Quantenna Hopes Chips Will Improve Home Wi-Fi
Startup Quantenna Communications on Tuesday unveiled chips that it hopes Wi-Fi equipment vendors will use to improve the performance of wireless home networking products over the next year.
By integrating technologies such as mesh networking and beamforming in one match-box sized package, Quantenna wants to make wireless a reliable option for IP-based HDTV in any kind of home, and in the process take on industry stalwarts Broadcom and Atheros, according to CEO Behrooz Rezvani.
The company will start shipping samples of its QHS (Quantenna High Speed) chipset family this quarter, and the first products incorporating its hardware are expected to show up late in the second quarter or early in the third quarter next year. "We have a number of close contacts with both retail based vendors and operators. One of them is Pirelli," said Rezvani.
When it was founded in 2006, the company's goal was to develop a chipset that can deliver data at 100M bps (bits per second) anywhere in any kind of home, but getting there has been far from easy.
Wireless home networking presents different challenges, depending on where you are in the world. In Japan, thin walls in high density, high rise buildings result in interference, while thick European walls and large American homes lead to problems with signal loss and fading, according Rezvani.
To get around all that, Quantenna has combined some tricks of its own (it has filed 14 patents) with existing transmission standards, or in the case of 802.11n, a draft standard.
Quantenna first realized it had to support mesh networking, a technique that allows wireless devices around the home to relay signals to one another in order to reach those furthest from the home broadband connection.
"The signal drops as you get further away from the source point, that's just a mathematical fact. There is nothing you can do about that, and you get around that by using a mesh," said Rezvani.
Connecting multiple base stations in a mesh allows them to cover larger areas without diminished performance.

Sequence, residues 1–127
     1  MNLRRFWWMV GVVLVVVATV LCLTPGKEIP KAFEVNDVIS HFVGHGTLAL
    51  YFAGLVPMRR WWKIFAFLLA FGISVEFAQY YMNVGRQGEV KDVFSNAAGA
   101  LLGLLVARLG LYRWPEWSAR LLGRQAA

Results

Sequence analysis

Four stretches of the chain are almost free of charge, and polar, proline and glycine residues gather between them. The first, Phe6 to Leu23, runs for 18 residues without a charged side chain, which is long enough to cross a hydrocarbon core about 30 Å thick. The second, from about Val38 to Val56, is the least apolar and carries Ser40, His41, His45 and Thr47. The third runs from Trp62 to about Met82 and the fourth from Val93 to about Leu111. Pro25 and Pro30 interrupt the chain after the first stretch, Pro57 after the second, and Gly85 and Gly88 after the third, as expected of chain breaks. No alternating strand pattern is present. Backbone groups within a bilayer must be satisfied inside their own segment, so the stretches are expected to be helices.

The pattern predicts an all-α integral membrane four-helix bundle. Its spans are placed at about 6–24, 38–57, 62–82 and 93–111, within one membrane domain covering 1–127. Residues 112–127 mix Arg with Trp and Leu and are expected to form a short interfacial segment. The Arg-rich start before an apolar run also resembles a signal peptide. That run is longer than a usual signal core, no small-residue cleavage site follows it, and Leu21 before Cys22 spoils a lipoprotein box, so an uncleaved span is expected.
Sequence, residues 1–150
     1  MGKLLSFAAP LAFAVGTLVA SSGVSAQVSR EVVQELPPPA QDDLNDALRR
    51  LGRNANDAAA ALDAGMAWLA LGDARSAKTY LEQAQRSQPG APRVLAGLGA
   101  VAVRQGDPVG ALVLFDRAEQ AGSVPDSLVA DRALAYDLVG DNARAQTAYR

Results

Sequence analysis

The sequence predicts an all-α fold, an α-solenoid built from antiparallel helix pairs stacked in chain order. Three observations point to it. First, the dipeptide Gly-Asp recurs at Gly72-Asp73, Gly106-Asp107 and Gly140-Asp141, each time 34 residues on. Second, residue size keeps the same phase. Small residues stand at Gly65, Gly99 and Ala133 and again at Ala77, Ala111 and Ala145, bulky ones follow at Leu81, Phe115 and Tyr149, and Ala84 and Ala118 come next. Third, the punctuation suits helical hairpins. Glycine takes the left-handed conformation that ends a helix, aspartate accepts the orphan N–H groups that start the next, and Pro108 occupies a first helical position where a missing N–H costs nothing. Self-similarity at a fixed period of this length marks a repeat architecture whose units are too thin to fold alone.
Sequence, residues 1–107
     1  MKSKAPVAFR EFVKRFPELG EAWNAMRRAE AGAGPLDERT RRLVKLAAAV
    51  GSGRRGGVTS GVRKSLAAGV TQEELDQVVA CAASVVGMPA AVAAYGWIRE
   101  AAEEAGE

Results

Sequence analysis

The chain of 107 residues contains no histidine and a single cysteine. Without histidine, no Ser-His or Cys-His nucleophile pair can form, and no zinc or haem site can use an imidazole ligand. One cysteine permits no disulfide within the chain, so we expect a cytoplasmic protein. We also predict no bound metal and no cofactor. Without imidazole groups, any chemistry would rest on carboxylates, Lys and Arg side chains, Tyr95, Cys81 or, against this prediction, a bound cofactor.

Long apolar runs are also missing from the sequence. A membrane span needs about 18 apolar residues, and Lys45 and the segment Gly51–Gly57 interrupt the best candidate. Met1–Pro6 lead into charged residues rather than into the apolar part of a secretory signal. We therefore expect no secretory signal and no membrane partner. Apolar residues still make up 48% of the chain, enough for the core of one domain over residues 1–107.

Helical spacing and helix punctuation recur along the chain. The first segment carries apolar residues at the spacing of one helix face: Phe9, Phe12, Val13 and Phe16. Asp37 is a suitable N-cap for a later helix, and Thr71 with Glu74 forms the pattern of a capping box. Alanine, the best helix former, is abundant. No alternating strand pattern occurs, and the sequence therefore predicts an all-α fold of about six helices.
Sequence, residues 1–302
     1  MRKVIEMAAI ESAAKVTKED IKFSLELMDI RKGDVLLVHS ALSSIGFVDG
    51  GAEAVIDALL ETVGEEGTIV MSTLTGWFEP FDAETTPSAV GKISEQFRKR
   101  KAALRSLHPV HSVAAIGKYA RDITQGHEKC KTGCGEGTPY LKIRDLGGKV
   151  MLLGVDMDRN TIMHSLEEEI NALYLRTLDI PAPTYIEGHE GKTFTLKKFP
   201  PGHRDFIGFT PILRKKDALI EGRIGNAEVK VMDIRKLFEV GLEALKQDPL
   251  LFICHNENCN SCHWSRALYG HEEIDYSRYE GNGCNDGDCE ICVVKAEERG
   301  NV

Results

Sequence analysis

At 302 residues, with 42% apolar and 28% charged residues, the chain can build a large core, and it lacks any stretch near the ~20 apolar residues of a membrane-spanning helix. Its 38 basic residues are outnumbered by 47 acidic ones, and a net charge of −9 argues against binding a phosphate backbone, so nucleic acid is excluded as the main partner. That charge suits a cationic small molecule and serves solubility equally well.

Rezvani sees Quantenna customers developing mesh nodes that looks like the AirPort Express Base Station from Apple, a compact unit that plugs directly into an electrical outlet in the wall.
The AirPort Express, in common with many Wi-Fi products from Apple and other manufacturers, can also relay signals to other network nodes using the industry standard WDS (Wireless Distribution System) -- but this is a bridging technology, not a routing one, and so cannot dynamically reroute traffic if a node is removed from the network or is temporarily unavailable due to interference.
Mesh networks, on the other hand, can choose to send data along a different path to get around localized interference issues, Rezvani said.
If companies such as Hewlett-Packard or Dell were to put the mesh algorithm into their laptops, then they too could become part of the mesh: There is more than enough power for that to be done, according to Rezvani.
Quantenna took the 802.11s draft standard as the base for its implementation of mesh networking, offering its customers additional features such as improved support for calculating different paths for the traffic to take, according to Rezvani.
Besides mesh networking, the QHS family supports transmit beamforming, which makes it possible for the access point to aim its signal at the client. "Beamforming helps when you have difficult walls, and also when you want to get rid of dead spots," said Rezvani.
When a signal arrives at the access point it starts to calculate the direction of the beam, and from there starts estimating its location. It doesn't matter if the client is 802.11b, g or n, according to Rezvani.
The 802.11n standard specifies two ways of calculating the direction: implicit and explicit. With implicit calculation, the access point estimates the direction, while explicit calculation requires the client to support beam forming and also send its location to the access point. "We support both," said Rezvani.
The last two parts in Quatenna's arsenal are MIMO (multiple-input and multiple-output) and concurrent dual-band technology, which makes it possible to transmit data via both the 5GHz band and the 2.4GHz band at the same time. Concurrent dual-band is a part of its top of the line QHS 1000, which supports data rates of up to 600M bps, according to Rezvani.
The dual-band system should help Quantenna achieve its goal of reliable HD video distribution over home networks: "You can put the data on 2.4 GHz and the video on 5 GHz," said Rezvani.
MIMO is the cornerstone of 802.11n, helping get the signals through high-interference conditions, according to Rezvani.
To be able to do both beam forming and MIMO you need several antennas and to do it well you need at least four, which is what the QHS family supports, according to Rezvani.
Breaking into the chip sector is no easy task. What will set the QHS apart from the competition, according to Rezvani, is the combination of all its features in a small package. Based on what the company knows it is about a year ahead of the competition, he said.